Solar for seniors: What is practical?

Several years ago my articles were based on the technology that I was studying at the time. Lately, my ideas have been inspired from conversations I have had with people in the neighborhood. This weeks article was inspired by one of our senior citizens who walked over to my house at 6:30 in the morning to ask me for my advice on purchasing a solar system for their house. My first thought was: why? At their ages (70 and 83), they will never see a return on investment. I told my dear friends that I had a few concerns about this idea of purchasing a solar system for their house.

Concern #1: Return of Investment. This should always be your first thought when purchasing any discretionary product that is not ‘needed’ for the comfort of your life style. 

A really good solar system for a house will cost about $25,000.00. With the state and federal government’s tax credits, the cost is still about $15,000.00. This tax credit only applies to earned income. If your earned income from social security and your investments is in the high 6 figures, then the credits will apply. But why?

Concern #2: Six feet under vs. six feet over. Anyone over the age of 70 has to ask that simple question. Will my life be better with solar panels suspended over my roof?  If your electricity bill is the average of $150 per month for the Roswell area, it will take 10 years to break even. Why would you give up a discounted $15,000.00 today for the same electricity that you can get for $150 per month and will make absolutely no difference in your standard of living except give you one more thing to worry about around the house?

A residential solar system can only be placed in two locations on your property as determined by city codes. Your roof is one location and your backyard is the other location. If you put the solar system on your roof, you have to consider the cost of a new roof before you do. Most solar systems are suspended and only have a few contact points on the roof but the entire system will have to be removed if your roof is damaged by the element – hail. A better solution is to place the system in your back yard. You may have to give up a tree or two to let the light shine through. But then again, what if you don’t have a back yard, as the case with my friends?

Concern #3: Solar house vs. solar farm. If you haven’t taken a quick ride out on East Pine Lodge to see the city and county solar farms, you should. These commercialized farm systems have expensive computerized controls that will track the sun from east to west. The house solar system also has some expensive mechanical parts that you have to maintain, besides just cleaning off the solar panels.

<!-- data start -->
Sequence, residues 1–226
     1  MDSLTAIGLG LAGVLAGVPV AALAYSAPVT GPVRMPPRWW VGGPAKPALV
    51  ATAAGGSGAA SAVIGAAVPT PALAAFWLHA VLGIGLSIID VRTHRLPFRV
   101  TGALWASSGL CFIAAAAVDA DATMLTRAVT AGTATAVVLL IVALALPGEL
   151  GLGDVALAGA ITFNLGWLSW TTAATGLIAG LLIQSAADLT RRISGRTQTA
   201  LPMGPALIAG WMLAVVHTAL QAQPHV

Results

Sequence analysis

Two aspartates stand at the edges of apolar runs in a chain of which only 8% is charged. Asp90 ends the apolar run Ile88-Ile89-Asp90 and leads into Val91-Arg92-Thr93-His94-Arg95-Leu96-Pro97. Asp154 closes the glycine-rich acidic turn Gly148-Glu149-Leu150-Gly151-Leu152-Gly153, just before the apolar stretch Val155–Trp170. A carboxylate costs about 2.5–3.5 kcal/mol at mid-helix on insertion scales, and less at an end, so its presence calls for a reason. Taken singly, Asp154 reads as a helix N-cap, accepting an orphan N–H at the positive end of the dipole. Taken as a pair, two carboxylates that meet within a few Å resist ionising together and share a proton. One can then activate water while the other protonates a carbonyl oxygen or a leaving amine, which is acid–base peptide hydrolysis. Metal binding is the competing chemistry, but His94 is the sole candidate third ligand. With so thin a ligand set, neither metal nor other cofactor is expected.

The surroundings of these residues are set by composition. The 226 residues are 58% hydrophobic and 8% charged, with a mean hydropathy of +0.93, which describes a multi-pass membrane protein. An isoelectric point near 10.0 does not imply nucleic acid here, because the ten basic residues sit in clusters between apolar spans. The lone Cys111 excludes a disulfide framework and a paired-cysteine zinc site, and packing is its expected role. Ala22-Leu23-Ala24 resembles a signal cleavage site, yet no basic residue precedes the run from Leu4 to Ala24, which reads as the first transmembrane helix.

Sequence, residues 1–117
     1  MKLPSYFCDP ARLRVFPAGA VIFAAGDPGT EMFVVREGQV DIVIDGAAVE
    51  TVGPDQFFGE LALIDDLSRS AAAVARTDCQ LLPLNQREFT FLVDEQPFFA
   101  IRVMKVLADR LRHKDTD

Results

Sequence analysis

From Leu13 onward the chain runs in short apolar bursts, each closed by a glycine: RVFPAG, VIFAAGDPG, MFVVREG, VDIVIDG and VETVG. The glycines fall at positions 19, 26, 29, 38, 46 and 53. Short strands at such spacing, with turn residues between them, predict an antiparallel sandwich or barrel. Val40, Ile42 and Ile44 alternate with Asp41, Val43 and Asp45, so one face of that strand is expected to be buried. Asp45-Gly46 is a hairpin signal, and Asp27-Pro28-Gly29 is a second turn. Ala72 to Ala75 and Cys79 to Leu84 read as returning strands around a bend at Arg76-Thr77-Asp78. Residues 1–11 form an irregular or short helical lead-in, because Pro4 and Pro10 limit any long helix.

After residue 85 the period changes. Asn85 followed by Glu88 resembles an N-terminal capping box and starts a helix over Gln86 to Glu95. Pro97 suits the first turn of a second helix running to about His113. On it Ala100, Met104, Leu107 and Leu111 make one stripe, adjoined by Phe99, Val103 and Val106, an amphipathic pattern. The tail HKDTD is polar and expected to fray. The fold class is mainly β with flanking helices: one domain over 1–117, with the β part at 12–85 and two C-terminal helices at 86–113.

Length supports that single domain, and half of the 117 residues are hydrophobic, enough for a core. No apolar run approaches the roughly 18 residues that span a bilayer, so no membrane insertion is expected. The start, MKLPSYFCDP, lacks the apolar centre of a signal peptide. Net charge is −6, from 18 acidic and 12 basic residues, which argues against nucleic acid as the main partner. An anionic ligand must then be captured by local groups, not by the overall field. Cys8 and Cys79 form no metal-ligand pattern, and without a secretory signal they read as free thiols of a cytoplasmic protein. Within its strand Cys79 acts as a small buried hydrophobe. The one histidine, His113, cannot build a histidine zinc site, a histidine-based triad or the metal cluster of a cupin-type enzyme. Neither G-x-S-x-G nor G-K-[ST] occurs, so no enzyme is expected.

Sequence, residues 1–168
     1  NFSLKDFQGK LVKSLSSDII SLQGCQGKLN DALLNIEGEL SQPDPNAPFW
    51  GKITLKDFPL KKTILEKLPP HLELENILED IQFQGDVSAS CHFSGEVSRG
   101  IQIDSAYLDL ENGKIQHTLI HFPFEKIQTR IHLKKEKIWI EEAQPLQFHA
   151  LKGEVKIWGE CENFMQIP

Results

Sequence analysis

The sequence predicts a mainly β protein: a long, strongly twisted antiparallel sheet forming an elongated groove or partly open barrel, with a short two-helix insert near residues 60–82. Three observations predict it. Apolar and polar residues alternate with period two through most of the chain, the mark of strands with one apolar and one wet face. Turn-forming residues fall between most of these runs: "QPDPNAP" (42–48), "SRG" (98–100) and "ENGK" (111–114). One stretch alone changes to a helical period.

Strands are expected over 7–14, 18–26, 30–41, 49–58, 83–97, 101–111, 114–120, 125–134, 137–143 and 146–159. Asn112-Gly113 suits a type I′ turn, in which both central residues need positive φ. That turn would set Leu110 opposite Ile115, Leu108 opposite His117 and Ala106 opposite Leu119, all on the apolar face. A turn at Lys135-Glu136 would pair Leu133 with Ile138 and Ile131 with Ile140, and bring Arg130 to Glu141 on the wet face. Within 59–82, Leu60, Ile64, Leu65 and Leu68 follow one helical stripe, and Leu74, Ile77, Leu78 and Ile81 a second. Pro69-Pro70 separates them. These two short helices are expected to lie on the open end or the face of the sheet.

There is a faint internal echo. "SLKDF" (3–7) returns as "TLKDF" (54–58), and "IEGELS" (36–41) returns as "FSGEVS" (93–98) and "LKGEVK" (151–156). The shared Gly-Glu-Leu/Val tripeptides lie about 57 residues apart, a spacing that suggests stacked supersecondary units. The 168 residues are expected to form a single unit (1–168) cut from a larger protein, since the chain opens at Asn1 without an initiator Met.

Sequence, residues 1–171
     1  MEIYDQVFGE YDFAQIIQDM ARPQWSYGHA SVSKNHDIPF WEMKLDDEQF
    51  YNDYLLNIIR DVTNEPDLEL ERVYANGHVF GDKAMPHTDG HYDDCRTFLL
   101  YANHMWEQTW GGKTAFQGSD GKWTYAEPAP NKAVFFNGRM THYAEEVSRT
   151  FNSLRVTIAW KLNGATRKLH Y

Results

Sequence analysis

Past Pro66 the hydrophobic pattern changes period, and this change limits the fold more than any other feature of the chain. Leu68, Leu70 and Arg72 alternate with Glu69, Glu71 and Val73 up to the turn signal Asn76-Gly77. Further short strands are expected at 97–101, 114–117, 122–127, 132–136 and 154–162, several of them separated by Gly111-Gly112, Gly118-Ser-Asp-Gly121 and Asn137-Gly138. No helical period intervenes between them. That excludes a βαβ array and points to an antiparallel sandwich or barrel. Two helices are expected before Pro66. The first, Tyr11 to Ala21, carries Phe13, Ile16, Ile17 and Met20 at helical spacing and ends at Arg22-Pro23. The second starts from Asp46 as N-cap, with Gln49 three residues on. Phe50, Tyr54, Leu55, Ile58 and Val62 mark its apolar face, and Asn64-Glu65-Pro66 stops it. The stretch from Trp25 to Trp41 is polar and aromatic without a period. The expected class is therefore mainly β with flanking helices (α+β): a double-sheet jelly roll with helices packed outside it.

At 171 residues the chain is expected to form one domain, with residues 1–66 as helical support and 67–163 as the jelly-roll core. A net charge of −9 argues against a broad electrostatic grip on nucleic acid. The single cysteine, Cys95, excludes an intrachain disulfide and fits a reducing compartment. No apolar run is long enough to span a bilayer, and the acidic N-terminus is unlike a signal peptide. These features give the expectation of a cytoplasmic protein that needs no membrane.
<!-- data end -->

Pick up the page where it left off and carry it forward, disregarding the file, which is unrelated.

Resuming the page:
The tracking system allows the panels to be at their greatest efficiency most of the day, but never at night. When it is cloudy, the efficiency will drop. When there is a thunder storm with hail, the solar farm panels will automatically shift to a protective position to prevent damage to the panels. None of these features are offered on a discounted $15,000.00 solar system for the house. If you want insurance, you have to pay for it and one of those costs is having your house connected to your existing utility company for backup.

If you take a Sunday drive through the countryside, you will see more and more solar clusters that are providing farmers and ranchers localized electricity during the day. Electricity (and fuel) is the major cost of operating an active crop or dairy farm. Their cost of installing supplemental electricity from solar can easily be justified, even without the tax credits which will probably go away in 2017. But remember, solar doesn’t work at night, the best time for irrigating, so the farmers and ranchers still have to buy energy from the utilities.

Recommendation: Solar Least Program. This is the ideal situation for anyone who doesn’t have the upfront cost to purchase a home solar system. In Sacramento CA, the municipal utility district (SMUD) offers least programs through SolarCity for home solar systems. Our friend visiting from Sacramento this week told us about how her program works. There was no upfront cost for the system to be installed on her house. She pays a fixed cost of only $34 per month for full service on a 20 year contract and about $20 per month for the electricity they use from the grid, mostly at night. That is a $120 saving per month for them compared to a standard connection with utility company.

All their unused day time generated electricity revenue goes to the SolarCity leasing company. The home owner’s house is basically used as an energy generating site. The only requirement is that there is a multi-year commitment period and if you bail, there is a recovery payment. As a senior citizen, solar leasing is a program I could afford but I will never see anything that progressive in Roswell, New Mexico, in my life time.

As always, my preferred source of electricity is from a nuclear power station because it has the most energy from the least amount of natural resources (uranium and thorium) and as I always state – the smallest footprint on the ecosystems. As a society, it makes more sense to buy electricity from centralized and decentralized generating station around the world as long as it is maintained as an affordable source. Electricity is like water and sewage. You really don’t want to mess with either, especially senior citizens.


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